Can We Talk?Melissa Reid July/August 2023
Talking to people we disagree with is hard. We should do it anyway.
Disagreement is nothing new. As long as there have been choices, there have been differences of opinion. While it has always been gratifying to engage with like-minded people, there seems to have been a fundamental shift in recent years: a reluctance, or even complete refusal, to interact with those who hold dissimilar perspectives. The days of amicably “agreeing to disagree” have been replaced with an absolute intolerance for opposing viewpoints. Disagreement has become debilitating and demoralizing.
Nowhere is this destructive divisiveness more apparent than in the realm of political ideology. A 2016 Pew survey on partisanship and political animosity revealed a widespread contempt for Republicans among Democrats and for Democrats among Republicans. In fact, for the first time in the survey’s 24-year history, majorities in both parties expressed not just unfavorable but very unfavorable views of the other party. According to the Pew study, these feelings were not limited to our opinions of political parties and their platforms. These attitudes were personal, with a significant number of respondents characterizing those holding opposing political views as closed-minded, immoral, lazy, dishonest, and/or unintelligent.1
Making a Choice
Now the good news: it doesn’t have to be this way. Authors Sarah Holland and Beth Silvers remind us in their timely book I Think You’re Wrong (but I’m Listening): A Guide to Grace-filled Political Conversations that “the most important thing to know about the polarization in American politics is that we are choosing it. We are choosing division. We are choosing conflict. We are choosing to turn our civic sphere into a circus. We are choosing all of this, and we can choose otherwise.”2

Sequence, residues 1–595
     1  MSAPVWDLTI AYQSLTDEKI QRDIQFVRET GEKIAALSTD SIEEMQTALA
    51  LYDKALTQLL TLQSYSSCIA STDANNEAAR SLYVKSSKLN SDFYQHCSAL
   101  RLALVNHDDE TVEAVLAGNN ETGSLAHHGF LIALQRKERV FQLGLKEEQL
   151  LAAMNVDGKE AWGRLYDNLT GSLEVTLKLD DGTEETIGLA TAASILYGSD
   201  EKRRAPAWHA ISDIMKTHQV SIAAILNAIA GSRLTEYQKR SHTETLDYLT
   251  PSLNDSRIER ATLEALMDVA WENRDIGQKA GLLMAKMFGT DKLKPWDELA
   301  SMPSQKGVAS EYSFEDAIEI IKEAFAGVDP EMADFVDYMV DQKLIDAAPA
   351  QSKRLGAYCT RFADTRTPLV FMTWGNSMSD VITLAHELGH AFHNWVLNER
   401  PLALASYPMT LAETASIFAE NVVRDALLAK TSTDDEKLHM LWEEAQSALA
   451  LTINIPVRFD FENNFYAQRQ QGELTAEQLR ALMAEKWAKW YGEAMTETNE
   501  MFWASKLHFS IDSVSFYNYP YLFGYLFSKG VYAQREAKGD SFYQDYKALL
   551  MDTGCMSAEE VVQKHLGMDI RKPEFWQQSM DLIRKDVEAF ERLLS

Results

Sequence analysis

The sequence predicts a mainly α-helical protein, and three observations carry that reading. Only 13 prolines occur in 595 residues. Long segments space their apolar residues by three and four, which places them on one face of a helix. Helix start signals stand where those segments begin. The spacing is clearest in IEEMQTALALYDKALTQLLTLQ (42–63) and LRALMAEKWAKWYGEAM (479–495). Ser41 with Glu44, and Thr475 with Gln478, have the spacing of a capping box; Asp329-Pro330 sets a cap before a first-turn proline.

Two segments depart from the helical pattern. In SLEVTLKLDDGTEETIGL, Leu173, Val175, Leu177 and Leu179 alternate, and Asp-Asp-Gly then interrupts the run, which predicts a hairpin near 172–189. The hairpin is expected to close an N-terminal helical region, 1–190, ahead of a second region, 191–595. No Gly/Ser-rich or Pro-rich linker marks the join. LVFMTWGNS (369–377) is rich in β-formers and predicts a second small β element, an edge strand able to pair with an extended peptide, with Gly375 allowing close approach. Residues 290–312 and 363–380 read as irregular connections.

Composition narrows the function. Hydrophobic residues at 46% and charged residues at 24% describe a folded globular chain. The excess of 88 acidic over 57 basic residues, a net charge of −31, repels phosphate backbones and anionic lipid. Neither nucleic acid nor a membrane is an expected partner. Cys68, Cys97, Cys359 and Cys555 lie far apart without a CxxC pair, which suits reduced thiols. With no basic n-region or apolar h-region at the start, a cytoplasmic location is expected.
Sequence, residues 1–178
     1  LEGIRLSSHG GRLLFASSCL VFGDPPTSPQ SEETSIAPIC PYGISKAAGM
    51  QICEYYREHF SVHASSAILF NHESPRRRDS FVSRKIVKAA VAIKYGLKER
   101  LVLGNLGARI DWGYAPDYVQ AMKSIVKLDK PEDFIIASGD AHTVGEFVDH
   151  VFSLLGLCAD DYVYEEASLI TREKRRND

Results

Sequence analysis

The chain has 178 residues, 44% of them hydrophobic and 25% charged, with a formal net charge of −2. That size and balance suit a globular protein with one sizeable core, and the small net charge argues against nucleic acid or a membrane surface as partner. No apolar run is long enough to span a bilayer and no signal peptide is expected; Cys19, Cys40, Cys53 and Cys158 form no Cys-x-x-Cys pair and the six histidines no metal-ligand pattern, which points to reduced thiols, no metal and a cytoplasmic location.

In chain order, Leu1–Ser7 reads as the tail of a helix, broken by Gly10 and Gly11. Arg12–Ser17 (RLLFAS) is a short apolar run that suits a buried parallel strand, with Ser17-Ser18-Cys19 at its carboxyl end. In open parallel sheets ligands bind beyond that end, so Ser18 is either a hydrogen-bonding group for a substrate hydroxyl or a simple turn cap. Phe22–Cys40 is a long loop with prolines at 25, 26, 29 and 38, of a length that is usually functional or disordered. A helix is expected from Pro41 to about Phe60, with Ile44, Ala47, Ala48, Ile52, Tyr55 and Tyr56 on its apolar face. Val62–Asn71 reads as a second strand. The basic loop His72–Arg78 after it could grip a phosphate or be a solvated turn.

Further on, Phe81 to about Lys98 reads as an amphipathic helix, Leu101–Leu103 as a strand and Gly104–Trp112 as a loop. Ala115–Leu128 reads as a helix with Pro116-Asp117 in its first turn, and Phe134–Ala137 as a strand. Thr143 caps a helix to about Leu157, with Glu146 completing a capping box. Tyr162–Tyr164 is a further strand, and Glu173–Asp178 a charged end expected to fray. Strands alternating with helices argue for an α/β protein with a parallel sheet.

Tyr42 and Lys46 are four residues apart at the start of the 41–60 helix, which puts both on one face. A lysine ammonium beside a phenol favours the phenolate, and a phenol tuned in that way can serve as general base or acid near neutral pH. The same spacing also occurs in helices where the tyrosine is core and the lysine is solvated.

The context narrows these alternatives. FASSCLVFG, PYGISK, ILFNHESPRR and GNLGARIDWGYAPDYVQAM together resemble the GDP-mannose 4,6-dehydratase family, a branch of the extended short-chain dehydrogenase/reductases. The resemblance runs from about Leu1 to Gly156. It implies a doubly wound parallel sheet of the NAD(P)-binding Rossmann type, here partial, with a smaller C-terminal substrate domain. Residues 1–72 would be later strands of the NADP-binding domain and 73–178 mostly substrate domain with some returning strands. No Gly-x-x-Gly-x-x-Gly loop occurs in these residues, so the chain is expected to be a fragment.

While I’ve worked in the field of religious liberty for more than 20 years, in 2018 I began advocating for the religious freedom interests of the Seventh-day Adventist Church and its members on Capitol Hill. Aware of Washington’s hyper-partisan reputation, I realized I needed to do more than just represent my faith tradition in the halls of Congress. My responsibility was not just to communicate my church’s positions, but to do so in a manner consistent with my faith’s core mission and values. In other words, I needed to “choose otherwise.”
That intentionality has been rewarded in both its effectiveness and reciprocity. I’ve been able to establish productive relationships with government representatives and lobbyists representing a diversity of political positions. Through mutual respect and a genuine desire for understanding, we’ve been able to identify common goals and priorities, and make substantive progress in responding to the very real problems around us.
Finding common ground doesn’t have to mean compromising one’s values or principles. In my experience, finding opportunities for dialogue with people holding radically different views has strengthened rather than weakened my existing beliefs. Tactfully engaging with those with whom we fundamentally disagree is often the quickest way to clarify and affirm our own positions. At the same time, we’re expanding our empathy for others.